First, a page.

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Arizona Rural School Association supports teacher pay proposal

Arizona Gov. Doug Ducey speaks during the panel The Opioid Crisis, at the National Governor Association 2018 winter meeting, on Saturday, Feb. 24, 2018, in Washington. (AP Photo/Jose Luis Magana)

PHOENIX — The Arizona Rural Schools Association supports Gov. Doug Ducey’s proposal to increase teacher salary, the group said in a release Monday.

The association, made of 106 districts in cities spread throughout Arizona, said it is “impressed by the effort” Ducey took to develop the proposal.

“Rural schools in Arizona have a broad spectrum of needs and the proposal … enables local school leaders to more effectively address the challenges facing our schools,” the release said.

On Tuesday, Ducey announced the teachers would receive a 20 percent pay raise over the next two years following weeks of protests and walk-ins.

Teachers would see a one percent pay raise in fiscal year 2018, nine percent in fiscal year 2019 and then a five percent raise in both fiscal years 2020 and 2021.

By that time, average salary would be $58,130.

Ducey also pledged $371 million in district assistance to provide flexible funding for various projects.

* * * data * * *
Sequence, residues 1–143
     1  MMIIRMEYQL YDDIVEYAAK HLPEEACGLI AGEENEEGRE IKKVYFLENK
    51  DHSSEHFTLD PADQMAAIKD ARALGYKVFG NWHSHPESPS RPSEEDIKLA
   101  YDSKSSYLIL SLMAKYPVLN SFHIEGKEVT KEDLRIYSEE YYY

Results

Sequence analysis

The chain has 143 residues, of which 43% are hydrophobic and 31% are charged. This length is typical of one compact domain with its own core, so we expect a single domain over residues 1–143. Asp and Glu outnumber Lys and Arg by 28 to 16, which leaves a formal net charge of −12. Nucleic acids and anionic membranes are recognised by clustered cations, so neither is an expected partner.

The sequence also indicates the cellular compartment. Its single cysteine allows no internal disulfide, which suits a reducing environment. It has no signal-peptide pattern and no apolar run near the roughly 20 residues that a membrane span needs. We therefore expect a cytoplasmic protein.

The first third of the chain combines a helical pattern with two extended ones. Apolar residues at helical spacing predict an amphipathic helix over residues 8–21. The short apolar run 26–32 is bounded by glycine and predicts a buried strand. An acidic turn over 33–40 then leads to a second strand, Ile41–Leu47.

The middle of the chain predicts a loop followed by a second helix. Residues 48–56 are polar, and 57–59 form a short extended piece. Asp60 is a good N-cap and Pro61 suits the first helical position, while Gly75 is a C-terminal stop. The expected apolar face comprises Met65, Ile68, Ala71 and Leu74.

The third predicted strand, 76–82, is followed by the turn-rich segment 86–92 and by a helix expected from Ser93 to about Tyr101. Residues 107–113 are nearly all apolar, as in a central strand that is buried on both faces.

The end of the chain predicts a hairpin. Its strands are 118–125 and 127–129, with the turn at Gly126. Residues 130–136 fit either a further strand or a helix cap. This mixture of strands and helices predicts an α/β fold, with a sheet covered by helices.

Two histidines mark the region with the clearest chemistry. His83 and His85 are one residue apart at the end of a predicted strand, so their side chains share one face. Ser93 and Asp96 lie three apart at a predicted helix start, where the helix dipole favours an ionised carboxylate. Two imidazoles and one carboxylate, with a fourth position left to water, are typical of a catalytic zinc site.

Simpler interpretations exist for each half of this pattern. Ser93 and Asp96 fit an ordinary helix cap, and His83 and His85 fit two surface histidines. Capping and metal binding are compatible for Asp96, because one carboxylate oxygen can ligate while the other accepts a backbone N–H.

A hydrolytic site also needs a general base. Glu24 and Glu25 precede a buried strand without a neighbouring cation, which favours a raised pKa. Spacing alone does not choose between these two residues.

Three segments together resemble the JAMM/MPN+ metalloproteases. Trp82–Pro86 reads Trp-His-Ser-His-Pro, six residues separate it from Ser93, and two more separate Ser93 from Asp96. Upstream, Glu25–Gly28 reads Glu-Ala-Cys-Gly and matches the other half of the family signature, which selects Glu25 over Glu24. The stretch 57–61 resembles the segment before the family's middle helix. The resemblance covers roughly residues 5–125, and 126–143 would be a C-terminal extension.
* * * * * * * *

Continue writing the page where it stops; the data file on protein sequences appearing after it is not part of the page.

The Arizona Rural Schools Association website said geographical or isolated circumstances make it difficult for districts to share resources and information. The group believes restoring funds to the pre-Great Recession level will help alleviate these difficulties.

This wasn’t the only group that supported the plan.

The Arizona School Board Association, who backed the proposal, wants in implemented as soon as possible.

“It’s now time to be vigilant to help this proposal to get over the finish line,” said Tim Ogle, the executive director of ASBA.

Long-term funding for the plan has raised questions, though. Despite the promise of the 20 percent raise, teachers are voting on a potential strike Tuesday.

Ogle doesn’t think it’s necessary with the plan in place.

“I think the most effective strategy for teachers now is to keep up the pressure, the momentum moving forward, and not do anything dramatic,” he said.

KTAR News’ Ali Vetnar contributed to this report.

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